My A-Z Blogging theme is to cover 26 touch-me-not categories of fiction writing. These are frequently the trouble spots which can be useful components of the story if handled properly, but when rushed through, can cause all kinds of trouble. While the genre is fantasy, the tips can apply to anything, from romance to literary fiction.
While exploring the ruins of an old castle, Mordekai and his sister Monique accidentally destroy an old tower only to find themselves in a different place, or time, entirely. Then a giant goat crashes through the wall and carries Mordekai off, leaving Monique with the unpredictable Princess Mural. They begin their journey to a nearby abbey while Mordekai is taken to the villains’ fortress, but the abbey turns out to be loyal to her uncle. Early the next morning, the abbot sends both women off to join Mordekai in the fortress where Mural’s uncle awaits.
Mordekai decided something had to be done, and quickly. He figured now that Mural’s uncle was there, the goats would be so busy seeing to his needs that they couldn’t possibly watch him, right?
Wrong. The moment he started making more noise in his room, trying his shoulder against the door and picking at the grain along the edge, they started banging on the outside in rhythmic thump-thump-thumps that even he could translate. I wonder if I could get them to break down the door from the outside. But he decided that couldn’t possibly be helpful. He’d be stuck with a live goat who wanted to silence him, without weapons–and besides, the goat could undoubtedly warn the others that he was out. No, I need to sneak away, somehow.
He turned his back to the door and began examining the rest of the room. There was nothing beneath the straw. He moved it, sweeping the flags with the palms of his hands, but there were no cracks. No fissures. No signs of secret trap doors or other convenient ways out.
So he began feeling his way along the walls, and pressing against the various stones. He didn’t really believe anything would come of it, but he would feel better, knowing he’d tried everything.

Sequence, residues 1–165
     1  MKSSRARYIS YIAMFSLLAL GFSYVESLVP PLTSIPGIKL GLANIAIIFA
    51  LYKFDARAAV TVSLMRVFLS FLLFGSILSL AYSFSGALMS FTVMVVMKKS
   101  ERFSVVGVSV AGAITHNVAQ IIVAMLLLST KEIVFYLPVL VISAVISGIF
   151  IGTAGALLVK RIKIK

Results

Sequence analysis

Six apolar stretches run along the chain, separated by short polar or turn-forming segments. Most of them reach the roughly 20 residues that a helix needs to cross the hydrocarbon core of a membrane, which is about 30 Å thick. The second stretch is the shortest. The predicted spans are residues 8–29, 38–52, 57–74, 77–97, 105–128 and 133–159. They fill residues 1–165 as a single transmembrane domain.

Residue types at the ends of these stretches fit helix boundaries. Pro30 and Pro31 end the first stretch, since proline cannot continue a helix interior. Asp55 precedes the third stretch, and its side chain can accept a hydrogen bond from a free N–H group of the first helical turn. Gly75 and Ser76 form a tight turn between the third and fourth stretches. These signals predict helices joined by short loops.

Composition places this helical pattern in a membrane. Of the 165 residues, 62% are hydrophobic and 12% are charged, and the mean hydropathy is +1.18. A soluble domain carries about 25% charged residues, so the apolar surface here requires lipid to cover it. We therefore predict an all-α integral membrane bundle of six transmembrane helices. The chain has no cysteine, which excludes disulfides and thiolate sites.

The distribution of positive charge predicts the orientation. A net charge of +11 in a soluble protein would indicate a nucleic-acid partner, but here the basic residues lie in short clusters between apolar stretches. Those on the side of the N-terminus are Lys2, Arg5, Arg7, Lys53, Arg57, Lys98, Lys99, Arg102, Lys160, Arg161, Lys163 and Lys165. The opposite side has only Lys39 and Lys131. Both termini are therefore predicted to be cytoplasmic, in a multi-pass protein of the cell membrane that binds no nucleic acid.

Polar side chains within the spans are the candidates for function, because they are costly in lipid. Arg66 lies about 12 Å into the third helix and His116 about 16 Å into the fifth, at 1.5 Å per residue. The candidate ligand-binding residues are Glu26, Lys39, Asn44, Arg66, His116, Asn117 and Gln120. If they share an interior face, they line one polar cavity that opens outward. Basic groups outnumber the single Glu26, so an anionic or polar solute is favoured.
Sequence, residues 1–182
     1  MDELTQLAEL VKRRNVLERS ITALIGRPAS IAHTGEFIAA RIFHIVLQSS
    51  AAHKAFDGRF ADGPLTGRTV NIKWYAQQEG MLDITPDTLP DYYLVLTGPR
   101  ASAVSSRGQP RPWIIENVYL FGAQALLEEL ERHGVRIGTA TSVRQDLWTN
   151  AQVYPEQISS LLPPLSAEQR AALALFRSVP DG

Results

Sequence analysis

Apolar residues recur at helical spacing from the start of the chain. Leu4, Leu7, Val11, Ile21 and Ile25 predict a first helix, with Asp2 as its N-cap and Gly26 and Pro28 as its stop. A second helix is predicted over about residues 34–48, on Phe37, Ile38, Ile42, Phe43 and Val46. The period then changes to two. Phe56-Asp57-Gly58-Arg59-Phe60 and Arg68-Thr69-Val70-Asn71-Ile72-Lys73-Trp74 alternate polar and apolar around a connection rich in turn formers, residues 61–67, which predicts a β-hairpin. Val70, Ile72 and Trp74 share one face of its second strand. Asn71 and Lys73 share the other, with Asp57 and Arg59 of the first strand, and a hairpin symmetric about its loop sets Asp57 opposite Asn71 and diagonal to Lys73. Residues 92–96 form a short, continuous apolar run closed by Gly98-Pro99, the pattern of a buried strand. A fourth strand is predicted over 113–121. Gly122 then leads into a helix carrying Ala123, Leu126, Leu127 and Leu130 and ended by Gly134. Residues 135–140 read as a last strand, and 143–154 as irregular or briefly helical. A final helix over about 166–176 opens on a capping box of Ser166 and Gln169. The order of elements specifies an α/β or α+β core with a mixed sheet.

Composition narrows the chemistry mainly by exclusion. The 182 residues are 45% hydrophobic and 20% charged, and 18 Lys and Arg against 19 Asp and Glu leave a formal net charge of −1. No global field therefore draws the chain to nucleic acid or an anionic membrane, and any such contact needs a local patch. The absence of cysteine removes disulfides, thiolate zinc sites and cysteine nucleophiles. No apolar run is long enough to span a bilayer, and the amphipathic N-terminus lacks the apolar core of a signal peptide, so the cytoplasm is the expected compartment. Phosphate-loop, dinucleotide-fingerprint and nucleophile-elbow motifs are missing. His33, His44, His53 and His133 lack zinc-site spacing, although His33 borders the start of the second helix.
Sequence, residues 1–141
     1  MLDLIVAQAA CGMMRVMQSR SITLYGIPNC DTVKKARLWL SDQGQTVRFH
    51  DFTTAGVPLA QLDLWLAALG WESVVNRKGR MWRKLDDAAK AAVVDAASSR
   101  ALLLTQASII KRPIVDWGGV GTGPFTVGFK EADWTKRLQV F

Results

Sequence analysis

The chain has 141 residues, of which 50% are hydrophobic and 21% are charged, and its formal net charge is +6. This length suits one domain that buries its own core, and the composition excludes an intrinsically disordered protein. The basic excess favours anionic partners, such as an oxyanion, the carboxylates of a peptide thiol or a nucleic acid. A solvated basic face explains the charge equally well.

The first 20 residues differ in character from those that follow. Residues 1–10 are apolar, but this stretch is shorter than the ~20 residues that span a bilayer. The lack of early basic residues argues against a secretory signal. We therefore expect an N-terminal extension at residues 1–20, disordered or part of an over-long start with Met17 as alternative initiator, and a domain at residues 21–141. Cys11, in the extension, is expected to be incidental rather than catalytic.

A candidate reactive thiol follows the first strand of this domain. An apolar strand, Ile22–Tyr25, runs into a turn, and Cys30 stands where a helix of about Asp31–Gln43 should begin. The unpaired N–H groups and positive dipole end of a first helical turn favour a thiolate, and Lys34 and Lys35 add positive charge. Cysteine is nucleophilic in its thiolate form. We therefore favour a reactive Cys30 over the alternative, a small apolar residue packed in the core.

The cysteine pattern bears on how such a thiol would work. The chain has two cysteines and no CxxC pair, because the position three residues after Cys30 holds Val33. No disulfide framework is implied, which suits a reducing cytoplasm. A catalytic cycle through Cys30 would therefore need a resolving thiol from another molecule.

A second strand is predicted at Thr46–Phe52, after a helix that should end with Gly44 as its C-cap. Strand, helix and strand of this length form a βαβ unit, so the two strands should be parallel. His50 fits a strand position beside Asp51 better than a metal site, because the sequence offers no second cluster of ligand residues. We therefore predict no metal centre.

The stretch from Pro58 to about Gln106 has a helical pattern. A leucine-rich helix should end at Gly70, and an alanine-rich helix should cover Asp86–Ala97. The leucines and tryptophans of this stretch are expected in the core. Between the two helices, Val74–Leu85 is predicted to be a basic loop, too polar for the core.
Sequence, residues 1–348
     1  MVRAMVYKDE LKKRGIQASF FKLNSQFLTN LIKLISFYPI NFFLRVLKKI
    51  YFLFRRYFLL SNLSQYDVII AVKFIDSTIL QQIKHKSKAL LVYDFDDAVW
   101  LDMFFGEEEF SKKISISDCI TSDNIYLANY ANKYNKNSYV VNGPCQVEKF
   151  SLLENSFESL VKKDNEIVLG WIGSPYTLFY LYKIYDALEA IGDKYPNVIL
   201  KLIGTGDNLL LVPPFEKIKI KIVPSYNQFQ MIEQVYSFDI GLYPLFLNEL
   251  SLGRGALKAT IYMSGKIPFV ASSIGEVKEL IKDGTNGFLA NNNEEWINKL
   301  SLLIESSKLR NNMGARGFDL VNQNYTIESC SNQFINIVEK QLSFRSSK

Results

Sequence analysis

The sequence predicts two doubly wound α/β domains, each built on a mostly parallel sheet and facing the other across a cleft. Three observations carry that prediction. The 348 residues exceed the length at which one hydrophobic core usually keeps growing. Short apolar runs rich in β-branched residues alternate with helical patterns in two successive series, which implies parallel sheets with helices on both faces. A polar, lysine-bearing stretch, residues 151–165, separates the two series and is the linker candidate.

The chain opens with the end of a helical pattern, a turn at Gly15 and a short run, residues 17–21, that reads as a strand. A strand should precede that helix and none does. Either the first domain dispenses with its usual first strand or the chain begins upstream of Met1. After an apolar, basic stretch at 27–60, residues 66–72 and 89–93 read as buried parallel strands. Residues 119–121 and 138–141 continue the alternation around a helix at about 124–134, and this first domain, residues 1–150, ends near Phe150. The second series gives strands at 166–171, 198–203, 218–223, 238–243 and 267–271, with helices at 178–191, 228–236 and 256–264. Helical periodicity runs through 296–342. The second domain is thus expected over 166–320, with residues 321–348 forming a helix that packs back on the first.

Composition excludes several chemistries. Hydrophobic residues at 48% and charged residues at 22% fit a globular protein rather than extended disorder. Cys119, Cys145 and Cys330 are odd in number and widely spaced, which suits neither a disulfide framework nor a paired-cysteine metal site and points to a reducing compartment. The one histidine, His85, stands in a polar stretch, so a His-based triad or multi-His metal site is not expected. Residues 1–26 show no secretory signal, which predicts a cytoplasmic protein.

Then he pressed against a particularly knobby one, about eye level, and he felt the wall next to him give way. It didn’t collapse like the tower earlier, but the rocks suddenly lacked substance. It must be magic, he decided as he pulled back. It could lead to another trap–after all, the goats had left it there–or they might not know it existed. They can’t exactly reach that high. He eyed the entire wall for a moment before drawing himself up, taking a deep breath, and pressing against the stone again.
For a moment, nothing happened, and he began wondering if he’d imagined the whole thing. Or worse, had lost his chance.
But then the wall changed again and he walked on through to face whatever new dangers awaited.
Fantasy stories are full of quests–go rescue this person, capture this castle, get this relic, etc., etc. So what make up these quests? They can’t all be journeys to Mount Doom or explorations to map the high seas, nor can they always be “go rescue someone who’s been captured,” because eventually, the readers are going to see through your plots and wonder what is wrong with the world you’ve created to where everyone gets kidnapped and captured.
So here are four elements that make up a quest:
- They need to matter. A real quest needs to be larger than “going to the grocery store to get food so you have something to eat for dinner.” There should be definite stakes involved (like death or injury or loss) and real reasons not to go on the quest in the first place, because avoiding a problem is definitely something your characters will have to face at some point (and can be more tempting than many other obstacles to their quest).
- They should be connected to the world of the society. Most of the time, quests are about someone else besides the one going on the quest: a family member, a nation, the whole civilized world, etc. Unless you go on a self-centered quest to save yourself, you usually are out to rescue and help someone else, and you have the choice to not go at all (see above).
- They don’t define your characters. Heroes are ordinary people who are given extraordinary tasks and still manage to pull them off. They can’t just be “giant-slayers” and “super-fighters.” They have to have personal dreams, tastes, and preferences. If you were given a task to do that would save someone or discover something, would it alter who you were the rest of the time? (Which brings us to the next point…)
- They shouldn’t last forever. There should be a definite beginning, middle, and an end to a quest. If evil can be defeated, one should have a good idea of what that defeat would look like, even if your characters can’t imagine it ever happening.
Admittedly, Mordekai’s quest to get out is rather small, but in many ways, it’s a microcosm of all quests. There are stakes (like getting killed if he stays, or having his sister and the princess killed if he remains locked up where he can’t do anything). There are stages to the quest, where he tries one thing and then another. He doesn’t instantly know how to solve the quest, and your characters shouldn’t either (unless they are expert questers…at which point, how much are they risking by going on this quest?). And there is a definite end to the quest (either failure or, in this case, getting out).
One quest can lead to another, though, and often does in a series. Get the ring to Rivendell and you find out you have more to do. 🙂
Until the next letter,
Copyright 2017 Andrea Lundgren
Photo courtesy of gratisography